The Birmingham City Council will hold three evening meetings this year in an effort to increase accessibility and transparency at City Hall.
In a unanimous vote Tuesday, the council approved a measure spearheaded by District 1 Councilor Clinton Woods to hold one meeting per quarter at 5:30 p.m. starting in April. The evening meetings, Woods said, would allow members of the public whose schedules cannot accommodate the council’s regularly scheduled 9:30 a.m. meeting time. Read more.
Mayor Randall Woodfin and members of the Birmingham City Council announced Tuesday that they would support changing the name of the Birmingham CrossPlex to honor former Mayor Larry Langford, who died last month.
Langford spearheaded construction of the indoor track and aquatic complex in Five Points West, on which construction began in 2008. The $46 million facility opened in August 2011.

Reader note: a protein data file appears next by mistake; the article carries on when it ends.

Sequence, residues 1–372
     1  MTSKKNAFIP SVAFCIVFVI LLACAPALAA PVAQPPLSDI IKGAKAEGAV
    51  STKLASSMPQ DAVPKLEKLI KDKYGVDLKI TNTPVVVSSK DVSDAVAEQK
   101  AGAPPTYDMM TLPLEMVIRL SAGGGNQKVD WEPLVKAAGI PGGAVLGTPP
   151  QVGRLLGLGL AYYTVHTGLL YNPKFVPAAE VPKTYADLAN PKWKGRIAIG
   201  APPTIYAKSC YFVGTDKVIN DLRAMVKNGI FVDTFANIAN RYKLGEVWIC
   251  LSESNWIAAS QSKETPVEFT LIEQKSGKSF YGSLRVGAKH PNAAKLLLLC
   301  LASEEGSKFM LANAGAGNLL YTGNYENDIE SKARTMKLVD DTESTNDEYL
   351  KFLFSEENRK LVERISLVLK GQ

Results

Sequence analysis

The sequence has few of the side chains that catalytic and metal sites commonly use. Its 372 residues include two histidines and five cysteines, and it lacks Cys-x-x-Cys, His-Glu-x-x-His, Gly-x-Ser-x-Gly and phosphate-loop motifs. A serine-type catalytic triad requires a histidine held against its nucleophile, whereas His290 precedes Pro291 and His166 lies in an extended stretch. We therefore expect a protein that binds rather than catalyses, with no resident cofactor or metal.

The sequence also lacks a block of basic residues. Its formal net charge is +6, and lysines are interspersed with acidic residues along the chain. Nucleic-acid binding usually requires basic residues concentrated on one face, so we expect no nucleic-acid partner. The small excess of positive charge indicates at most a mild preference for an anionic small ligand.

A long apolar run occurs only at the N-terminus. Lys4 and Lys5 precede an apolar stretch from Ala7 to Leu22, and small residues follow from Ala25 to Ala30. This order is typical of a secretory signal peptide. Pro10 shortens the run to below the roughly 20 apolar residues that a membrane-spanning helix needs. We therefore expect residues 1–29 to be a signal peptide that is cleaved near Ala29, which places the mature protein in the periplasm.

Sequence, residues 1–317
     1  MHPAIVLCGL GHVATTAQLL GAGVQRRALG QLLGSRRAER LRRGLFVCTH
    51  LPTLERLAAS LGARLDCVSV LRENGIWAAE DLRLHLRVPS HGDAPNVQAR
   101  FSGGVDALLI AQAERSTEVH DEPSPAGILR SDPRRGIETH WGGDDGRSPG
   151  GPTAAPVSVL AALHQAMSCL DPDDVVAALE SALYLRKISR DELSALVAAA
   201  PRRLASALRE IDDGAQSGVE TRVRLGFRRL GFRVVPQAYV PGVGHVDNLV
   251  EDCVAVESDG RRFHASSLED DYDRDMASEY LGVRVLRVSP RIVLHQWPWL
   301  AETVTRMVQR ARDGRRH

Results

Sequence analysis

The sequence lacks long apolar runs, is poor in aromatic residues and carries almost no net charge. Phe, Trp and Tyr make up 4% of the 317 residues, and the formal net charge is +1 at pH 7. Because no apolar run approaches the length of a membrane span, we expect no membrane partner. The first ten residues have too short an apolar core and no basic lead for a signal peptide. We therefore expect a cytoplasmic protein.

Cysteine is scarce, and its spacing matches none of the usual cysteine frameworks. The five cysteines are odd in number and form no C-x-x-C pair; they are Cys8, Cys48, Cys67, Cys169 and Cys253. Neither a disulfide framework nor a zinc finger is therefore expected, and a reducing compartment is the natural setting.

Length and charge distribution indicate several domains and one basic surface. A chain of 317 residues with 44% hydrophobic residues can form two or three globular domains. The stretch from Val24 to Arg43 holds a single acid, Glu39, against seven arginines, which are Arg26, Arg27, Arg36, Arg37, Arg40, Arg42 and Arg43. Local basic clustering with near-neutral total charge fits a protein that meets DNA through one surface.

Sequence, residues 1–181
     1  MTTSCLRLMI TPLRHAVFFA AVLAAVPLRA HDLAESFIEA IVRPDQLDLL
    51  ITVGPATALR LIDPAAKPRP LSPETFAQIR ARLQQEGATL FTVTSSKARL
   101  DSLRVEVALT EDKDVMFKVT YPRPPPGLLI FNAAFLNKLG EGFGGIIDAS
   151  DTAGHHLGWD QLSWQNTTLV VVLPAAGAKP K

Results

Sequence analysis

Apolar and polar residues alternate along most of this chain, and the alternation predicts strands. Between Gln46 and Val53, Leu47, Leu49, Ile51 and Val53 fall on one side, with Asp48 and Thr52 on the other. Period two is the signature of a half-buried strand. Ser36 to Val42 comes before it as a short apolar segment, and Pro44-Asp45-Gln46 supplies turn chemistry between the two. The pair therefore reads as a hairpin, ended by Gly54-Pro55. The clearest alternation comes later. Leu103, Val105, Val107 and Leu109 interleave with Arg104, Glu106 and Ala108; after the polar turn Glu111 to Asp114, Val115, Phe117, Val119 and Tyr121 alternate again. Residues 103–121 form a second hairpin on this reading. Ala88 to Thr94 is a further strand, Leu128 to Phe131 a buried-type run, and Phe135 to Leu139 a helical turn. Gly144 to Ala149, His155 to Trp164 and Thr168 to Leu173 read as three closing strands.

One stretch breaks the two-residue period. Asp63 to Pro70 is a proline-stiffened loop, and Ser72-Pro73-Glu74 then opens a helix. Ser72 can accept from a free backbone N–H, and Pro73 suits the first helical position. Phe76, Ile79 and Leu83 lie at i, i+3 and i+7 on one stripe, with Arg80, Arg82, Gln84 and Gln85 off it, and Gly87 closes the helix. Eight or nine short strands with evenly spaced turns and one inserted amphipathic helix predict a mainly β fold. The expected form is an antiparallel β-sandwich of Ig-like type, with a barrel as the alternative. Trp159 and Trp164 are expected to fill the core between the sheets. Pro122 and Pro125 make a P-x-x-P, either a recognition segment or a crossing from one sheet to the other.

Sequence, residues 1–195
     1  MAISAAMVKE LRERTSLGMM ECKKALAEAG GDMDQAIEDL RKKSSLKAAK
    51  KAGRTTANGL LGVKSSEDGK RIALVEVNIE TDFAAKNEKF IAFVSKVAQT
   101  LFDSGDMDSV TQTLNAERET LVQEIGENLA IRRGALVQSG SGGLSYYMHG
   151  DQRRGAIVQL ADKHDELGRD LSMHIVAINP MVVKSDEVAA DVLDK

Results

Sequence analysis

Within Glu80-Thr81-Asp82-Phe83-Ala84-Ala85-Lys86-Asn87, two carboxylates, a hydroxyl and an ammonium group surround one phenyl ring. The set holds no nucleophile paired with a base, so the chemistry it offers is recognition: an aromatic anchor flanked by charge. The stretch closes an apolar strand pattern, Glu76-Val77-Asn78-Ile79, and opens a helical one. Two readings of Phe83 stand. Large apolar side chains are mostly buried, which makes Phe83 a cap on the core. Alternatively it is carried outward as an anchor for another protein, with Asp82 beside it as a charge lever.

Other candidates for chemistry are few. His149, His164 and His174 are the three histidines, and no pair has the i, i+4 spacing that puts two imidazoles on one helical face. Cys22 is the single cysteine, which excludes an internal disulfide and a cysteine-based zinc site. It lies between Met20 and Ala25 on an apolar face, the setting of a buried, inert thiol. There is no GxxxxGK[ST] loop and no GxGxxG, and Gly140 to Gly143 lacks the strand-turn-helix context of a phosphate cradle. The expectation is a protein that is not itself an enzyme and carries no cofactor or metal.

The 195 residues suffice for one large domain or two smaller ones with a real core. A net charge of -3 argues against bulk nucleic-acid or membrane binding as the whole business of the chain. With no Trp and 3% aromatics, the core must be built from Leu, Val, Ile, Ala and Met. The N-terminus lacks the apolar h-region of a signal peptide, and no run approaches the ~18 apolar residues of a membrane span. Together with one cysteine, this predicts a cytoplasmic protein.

Woodfin and District 8 Councilor Steven Hoyt proposed the name change — to the Larry P. Langford Birmingham CrossPlex — during the council’s meeting Tuesday. District 9 Councilor John Hilliard, who did not arrive until later in the meeting, also has advocated for renaming the facility. “We believe it’s fitting for all the work he did and for bringing this to life in our community,” Woodfin said.
During his statement, Hoyt alluded to Langford’s controversial reputation, which included a 2009 conviction on charges of corruption and bribery for actions he took during his time as president of the Jefferson County Commission.
“We know that, no different than Angela Davis, you have to deal with the body of people’s work,” Hoyt said, referring to the recent Birmingham Civil Rights Institute controversy. “All of us have some issues one way or the other … but when you look at this city and see the things that were done under his leadership … We are better because Larry Langford came through here.” Read more.
Birmingham is expanding its plans for the Druid Hills neighborhood. On Tuesday, the City Council voted to amend the Druid Hills Urban Renewal Plan by 104 acres to include blighted areas such as the vacant Carraway Hospital and F.D. McArthur School campuses.